President Jagdeo has taken many initiatives in revitalizing Guyana’s economy, many of which includes strengthening international ties to various countries including Norway and Denmark, who have made investments in Guyana’s economy (Business Report 15-16). Interestingly enough, President Jagdeo is a man of many cultures himself, as he had previously studied in Moscow, Russia, for his degree in Economics. In light of Global Warming and climate change, many countries are capitalizing on Guyana’s rich forestry by paying Guyana to preserve its rainforests (Guyana happens to be the only country in the world that has not gone through deforestation) (Business Report 21). Unfortunately, due to Guyana’s high abundance of natural resources, there are also disputes between neighboring countries on ownerships of certain mining areas and oil reserves, both of which are very crucial to Guyana’s economy (Business Report 22).
Reassuring confidence in UNASUR, President Jagdeo stated that the efforts of South American countries combined have created more jobs at a higher rate than that of Europe or North America, who are both suffering from a failing economy (Caribbean News Now). Jagdeo and many other South American presidents agree that the developing success of UNASUR is due in part of their unorthodox policies, separate than that of similar unions, “…we are looking for our own answers, our own solutions to our problems” (Caribbean News Now).

A recent collection of article, entitled “Mundo Nuevo: Revista de Estudios Latinoamericanos”, written by students of the University of Simon Bolivar in Veneuzuela, grasps almost exactly what I have been trying to connect with Guyana and its importance in the development of UNASUR. The articles included in this collection discuss mostly integration within Latin America and the Caribbean in general; two articles focus on UNASUR specifically, entitled “UNASUR y las Transformaciones del Nuevo Regionalismo Sudamericano” by Jose Briceno-Ruiz, and also “UNASUR: Aspiraciones y Frustraciones” by Elias R. Daniels H. One of the main concerns within these articles is the presence of Guyana and Suriname (the only two non-Latin countries within UNASUR) and how nearby countries are affected by their differing cultures.
Because this article is written entirely in Spanish, I will need to be extra careful in the examples I pull from it as I will be paraphrasing quotes in my own words. The article itself draws from many organizations outside of UNASUR and points out the positive and negative aspects, as can be seen in this example, “Apreciamos que UNASUR es un hibrido…un proceso innovador que incluye todos los logros y lo avanzado por los procesos de MERCOSUR y la CAN… El problema se presenta cuando se trata de alcanzar consenso sobre los logros de esas experiencias integracionistas” (Mundo Nuevo 235), where integration problems arise out of cultural differences with Guyana and Suriname relative to the rest of South America.
Another approach taken to developing South America’s economy is the “Initiative for the Integration of the Regional Infrastructure of South America (IIRSA)”, funded by three institutions separate from UNASUR. This development plan divides South America into ten axes of integration for which to link their economies through transportation, energy, and telecommunications projects (Mundo Nuevo 39). The axis that includes Guyana, el “Eje del Escudo Guayanés”, also includes Venezuela, Brazil, & Suriname, the only axis to incorporate countries of all four official languages of UNASUR.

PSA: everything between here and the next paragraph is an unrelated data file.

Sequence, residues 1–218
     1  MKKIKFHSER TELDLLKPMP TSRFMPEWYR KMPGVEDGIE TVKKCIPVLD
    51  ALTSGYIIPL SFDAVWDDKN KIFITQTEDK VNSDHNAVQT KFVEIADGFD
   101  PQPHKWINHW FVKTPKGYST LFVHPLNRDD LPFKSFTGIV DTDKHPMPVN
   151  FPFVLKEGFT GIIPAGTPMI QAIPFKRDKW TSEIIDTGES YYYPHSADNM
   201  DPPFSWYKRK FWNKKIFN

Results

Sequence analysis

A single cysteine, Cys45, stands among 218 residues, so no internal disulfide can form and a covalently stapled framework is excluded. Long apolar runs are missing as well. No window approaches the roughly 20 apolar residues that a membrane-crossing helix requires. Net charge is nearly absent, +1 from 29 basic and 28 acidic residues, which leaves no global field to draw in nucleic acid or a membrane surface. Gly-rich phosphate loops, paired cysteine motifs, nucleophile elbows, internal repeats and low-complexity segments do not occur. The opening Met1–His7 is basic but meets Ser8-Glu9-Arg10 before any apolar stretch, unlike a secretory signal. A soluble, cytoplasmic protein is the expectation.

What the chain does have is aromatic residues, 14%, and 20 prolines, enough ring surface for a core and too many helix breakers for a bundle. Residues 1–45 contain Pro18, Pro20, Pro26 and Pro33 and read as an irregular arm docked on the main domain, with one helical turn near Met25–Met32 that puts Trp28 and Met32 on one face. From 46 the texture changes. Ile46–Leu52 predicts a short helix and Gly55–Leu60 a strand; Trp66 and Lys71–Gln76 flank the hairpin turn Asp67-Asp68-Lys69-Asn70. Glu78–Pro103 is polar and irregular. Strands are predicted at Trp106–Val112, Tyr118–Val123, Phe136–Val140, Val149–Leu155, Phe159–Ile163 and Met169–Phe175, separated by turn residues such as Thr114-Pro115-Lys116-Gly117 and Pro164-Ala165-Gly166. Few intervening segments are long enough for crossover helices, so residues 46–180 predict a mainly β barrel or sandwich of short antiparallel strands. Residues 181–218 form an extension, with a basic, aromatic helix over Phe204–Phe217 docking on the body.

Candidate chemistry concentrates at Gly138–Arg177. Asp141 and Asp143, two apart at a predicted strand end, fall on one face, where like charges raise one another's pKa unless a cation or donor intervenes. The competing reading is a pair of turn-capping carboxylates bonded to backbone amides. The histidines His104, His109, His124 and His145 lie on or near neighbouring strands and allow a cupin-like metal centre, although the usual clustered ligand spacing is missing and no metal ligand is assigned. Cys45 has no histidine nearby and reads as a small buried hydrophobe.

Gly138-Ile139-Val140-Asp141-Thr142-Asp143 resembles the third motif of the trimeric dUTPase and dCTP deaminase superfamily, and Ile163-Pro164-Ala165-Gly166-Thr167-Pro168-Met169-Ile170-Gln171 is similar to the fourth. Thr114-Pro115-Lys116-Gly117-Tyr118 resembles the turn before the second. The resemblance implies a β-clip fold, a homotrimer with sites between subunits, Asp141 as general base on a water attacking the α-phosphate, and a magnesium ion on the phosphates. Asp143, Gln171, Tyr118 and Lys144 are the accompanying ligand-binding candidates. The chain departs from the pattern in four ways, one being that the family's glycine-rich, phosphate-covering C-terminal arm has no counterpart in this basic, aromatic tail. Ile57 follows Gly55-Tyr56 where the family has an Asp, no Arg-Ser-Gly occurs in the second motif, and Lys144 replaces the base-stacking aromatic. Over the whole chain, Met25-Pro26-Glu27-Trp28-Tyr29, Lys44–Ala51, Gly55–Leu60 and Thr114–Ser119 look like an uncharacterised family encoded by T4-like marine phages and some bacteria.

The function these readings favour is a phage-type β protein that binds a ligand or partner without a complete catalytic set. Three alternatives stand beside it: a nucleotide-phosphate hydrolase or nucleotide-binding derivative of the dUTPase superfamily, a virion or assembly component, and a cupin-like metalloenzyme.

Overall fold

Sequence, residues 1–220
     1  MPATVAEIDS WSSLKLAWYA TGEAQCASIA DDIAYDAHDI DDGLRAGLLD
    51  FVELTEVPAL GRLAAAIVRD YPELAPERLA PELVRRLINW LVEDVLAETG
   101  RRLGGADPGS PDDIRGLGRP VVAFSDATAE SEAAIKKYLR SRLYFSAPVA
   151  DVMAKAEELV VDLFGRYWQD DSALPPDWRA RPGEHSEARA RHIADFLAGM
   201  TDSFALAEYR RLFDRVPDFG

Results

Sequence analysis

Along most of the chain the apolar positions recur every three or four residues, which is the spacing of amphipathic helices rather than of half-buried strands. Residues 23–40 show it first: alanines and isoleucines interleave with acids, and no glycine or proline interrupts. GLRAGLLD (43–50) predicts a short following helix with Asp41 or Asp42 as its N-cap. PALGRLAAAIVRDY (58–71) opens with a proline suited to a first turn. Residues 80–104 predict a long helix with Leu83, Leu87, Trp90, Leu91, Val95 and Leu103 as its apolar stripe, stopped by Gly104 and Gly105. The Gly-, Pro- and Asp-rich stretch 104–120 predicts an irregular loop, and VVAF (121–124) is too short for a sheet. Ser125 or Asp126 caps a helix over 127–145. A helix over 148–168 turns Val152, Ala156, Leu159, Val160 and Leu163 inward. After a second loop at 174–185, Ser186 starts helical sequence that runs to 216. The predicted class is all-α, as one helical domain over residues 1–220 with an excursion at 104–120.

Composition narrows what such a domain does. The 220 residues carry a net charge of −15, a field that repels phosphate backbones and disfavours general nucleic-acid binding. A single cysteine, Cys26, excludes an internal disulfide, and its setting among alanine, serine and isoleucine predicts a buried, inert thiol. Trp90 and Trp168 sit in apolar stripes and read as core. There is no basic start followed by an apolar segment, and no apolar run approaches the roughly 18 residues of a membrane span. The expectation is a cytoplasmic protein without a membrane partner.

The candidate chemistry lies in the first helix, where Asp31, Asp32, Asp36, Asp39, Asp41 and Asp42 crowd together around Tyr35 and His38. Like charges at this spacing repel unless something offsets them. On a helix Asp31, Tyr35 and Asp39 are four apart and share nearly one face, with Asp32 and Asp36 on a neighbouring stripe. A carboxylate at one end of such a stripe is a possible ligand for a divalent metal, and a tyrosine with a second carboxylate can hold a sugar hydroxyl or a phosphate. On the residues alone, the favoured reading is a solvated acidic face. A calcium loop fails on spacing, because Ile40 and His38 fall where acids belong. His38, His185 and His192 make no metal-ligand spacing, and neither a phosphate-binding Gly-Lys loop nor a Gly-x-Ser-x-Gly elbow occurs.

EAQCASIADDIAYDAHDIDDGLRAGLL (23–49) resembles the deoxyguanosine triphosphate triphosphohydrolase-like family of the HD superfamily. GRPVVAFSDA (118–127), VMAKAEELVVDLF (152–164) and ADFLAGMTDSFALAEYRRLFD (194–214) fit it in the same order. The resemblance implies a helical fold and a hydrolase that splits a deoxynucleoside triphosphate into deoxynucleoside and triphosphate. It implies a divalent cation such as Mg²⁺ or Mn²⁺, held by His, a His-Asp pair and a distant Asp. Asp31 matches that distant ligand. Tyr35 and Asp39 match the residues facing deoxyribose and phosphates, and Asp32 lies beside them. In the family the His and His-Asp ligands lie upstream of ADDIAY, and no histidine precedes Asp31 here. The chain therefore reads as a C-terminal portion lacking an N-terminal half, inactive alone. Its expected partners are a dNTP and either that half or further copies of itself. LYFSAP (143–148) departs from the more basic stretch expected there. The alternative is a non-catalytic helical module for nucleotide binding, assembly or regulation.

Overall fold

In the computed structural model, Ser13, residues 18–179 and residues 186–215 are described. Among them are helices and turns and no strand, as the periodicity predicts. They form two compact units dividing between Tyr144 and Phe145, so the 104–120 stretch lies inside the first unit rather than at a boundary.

A study done on mangrove vegetation in Guyana by C. Allan, Ph.D., grasps the socio-economic values behind harvesting and using the abundance of mangroves in Guyana; this article is titled “The Socio-Economic Context of the Harvesting and Utilisation of Mangrove Vegetation”. This study brushes on relations with bordering Brazil and Venezuela and finishes off concluding with a successful outlook on the future of mangrove utilization within Guyana.
I believe Guyana has the potential to rebuild its economy, not only on its own but also with the help of UNASUR. The nations of UNASUR may not be able to solve all of their problems together because I believe each country should focus on its own main problems and work with other countries with similar problems. Even within the richest country of UNASUR, Brazil, there is a plethora of social inequality and slums that mirror those of the poorest UNASUR nation of Guyana. The differing cultures can be seen as both a problem and a solution, depending on how they are applied; but I believe I can prove my theory that an integration of culture would benefit UNASUR as a whole with studies of both projects within industrial Guyana and also the indigenous peoples that reside on its borders.


"GUYANA." (n.d.): Funk & Wagnalls New World Encyclopedia. EBSCO. Web. 4 Oct. 2011.
            This article states important economic and demographic facts about Guyana necessary for my background discussion of Guyana. These factors include and are not limited to: ethnic groups, religion, population, economic resources and exports, and also a brief history of Guyana which I will not be using as much as I already know the general background of Guyana’s founding and history. Other important details I may be taking from this article are facts about the governmental system.

"Guyana president confident of economic stability of UNASUR member states." Caribbean News Now (Grand Cayman, Cayman Islands) 30 Nov. 2010: Newspaper Source Plus. EBSCO. Web. 4 Oct. 2011.
            I believe this article is important and relevant to my project as it is a groundbreaking point in both Guyana and UNASUR’s history as the current president of Guyana was recently appointed president of UNASUR. This article shortly compares UNASUR’s progress to that of Europe and North America. Although not detailed, I will be using this article to reflect the importance of this moment and the optimism that the UNASUR leaders share in regards to the future of their development.